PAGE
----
All your burned bridges are belong to me.
April 1, 2013 10:22 AM   Subscribe

Fubar'd a friendship. Hope me.

I'm pretty good at wrecking friendships. When any relationship gets iffy, I bail, burn the bridge and build a wall. That's what I'm working with in this particular flurry.

Met a guy, had a couple of dates, really, really liked him. We were both very clear and upfront about not jumping into dating-relationship territory which thrilled me because I'd been wanting to get to know someone slowly before jumping into Relationship Land again. So that was great, lots of groups and also one-on-one time. Very fun.

Then it turned out he was in a pretty bad spot. I put on my emotional brakes because I did not want to add the pressure of relationshippy expectations on him while he was dealing with some heavy emotional stuff. I probably let myself do too much for him but regardless my feelings deepened but I tried very hard not to let it show. I even went on a few dates with other guys in an effort to distract myself from my feelings for him and I suppose to prove to myself and everyone else that I didn't want or need anything more than friendship.

So...the other night he dropped on me that he's found this great girl to date and I did not handle it well at all. I lack a poker face in the best of circumstances so my face and my mood basically broadcast to the world how I felt. I kept it together and got out of the event as fast as I could, but thanks to poor emotional regulation I got into a snippy text / IM exchange.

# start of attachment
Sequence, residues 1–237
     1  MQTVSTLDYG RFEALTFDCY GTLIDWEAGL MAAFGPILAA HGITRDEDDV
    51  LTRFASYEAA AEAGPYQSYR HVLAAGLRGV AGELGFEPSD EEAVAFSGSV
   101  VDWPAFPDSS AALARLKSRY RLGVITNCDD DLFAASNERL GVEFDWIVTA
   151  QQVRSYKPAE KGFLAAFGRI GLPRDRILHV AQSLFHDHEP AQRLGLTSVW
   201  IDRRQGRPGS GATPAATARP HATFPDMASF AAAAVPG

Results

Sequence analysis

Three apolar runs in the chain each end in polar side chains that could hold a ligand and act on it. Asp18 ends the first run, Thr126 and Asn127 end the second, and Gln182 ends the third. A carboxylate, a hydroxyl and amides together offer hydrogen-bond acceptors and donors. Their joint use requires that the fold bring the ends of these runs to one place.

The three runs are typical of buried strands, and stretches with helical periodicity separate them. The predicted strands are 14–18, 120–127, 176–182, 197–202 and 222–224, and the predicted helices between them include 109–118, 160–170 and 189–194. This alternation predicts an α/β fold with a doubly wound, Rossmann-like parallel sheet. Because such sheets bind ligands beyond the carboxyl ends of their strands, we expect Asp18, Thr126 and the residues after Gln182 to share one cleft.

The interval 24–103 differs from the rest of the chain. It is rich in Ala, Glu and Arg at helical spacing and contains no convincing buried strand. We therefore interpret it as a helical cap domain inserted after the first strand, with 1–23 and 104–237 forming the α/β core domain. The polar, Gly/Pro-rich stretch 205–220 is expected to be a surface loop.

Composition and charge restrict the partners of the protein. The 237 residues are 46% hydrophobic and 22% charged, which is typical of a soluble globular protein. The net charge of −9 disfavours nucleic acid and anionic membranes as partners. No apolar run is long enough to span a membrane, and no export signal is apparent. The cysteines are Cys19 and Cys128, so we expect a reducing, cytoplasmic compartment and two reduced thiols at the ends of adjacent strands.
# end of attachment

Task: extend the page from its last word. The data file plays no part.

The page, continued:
I'm mortified at my poor reaction and ashamed that I feel rejected even when everyone's boundaries were always perfectly clear. I feel vain, demanding and selfish. I'm so angry at myself for letting it show at the cost of losing a friendship that I really valued. He speaks highly of me and my friendship to him and he's made it clear that he can go forward without letting this change anything (well, sort of clear, everything is murky when I go back and rewrite mixed messages). Because I have that habit of walking away from relationships whenever they distress me, I'd like to avoid cutting, running, blocking and ignoring. Also, I miss his friendship and I'm still concerned about him.

TL;DR. Wore my heart on my sleeve and feel stupid.

1. Should I try to fix this?
2. If so, how so?
3. How do I avoid being a petulant diva in the future, especially if this girl starts coming around? I started to feel my mean-spirited bitchiness arise last time I talked to him.
posted by mibo to Human Relations (21 answers total) 2 users marked this as a favorite
 
1. Yes.
2. Apologize.
3. Take a moment before you react to things. When you're feeling like you're going to act out, stop, remove yourself if possible, take some deep breaths or a night off, and come back with a healthier outlook.
posted by xingcat at 10:27 AM on April 1, 2013 [2 favorites]


Don't fix this, you wanted a relationship with this guy, and he's found someone else.

Let's get real. In Fantasy-World, we can be friends with people we have romatic feelings for, even if they're all schmoopy with someone else. In Real-Life this is just super-painful to us. So don't put yourself through that.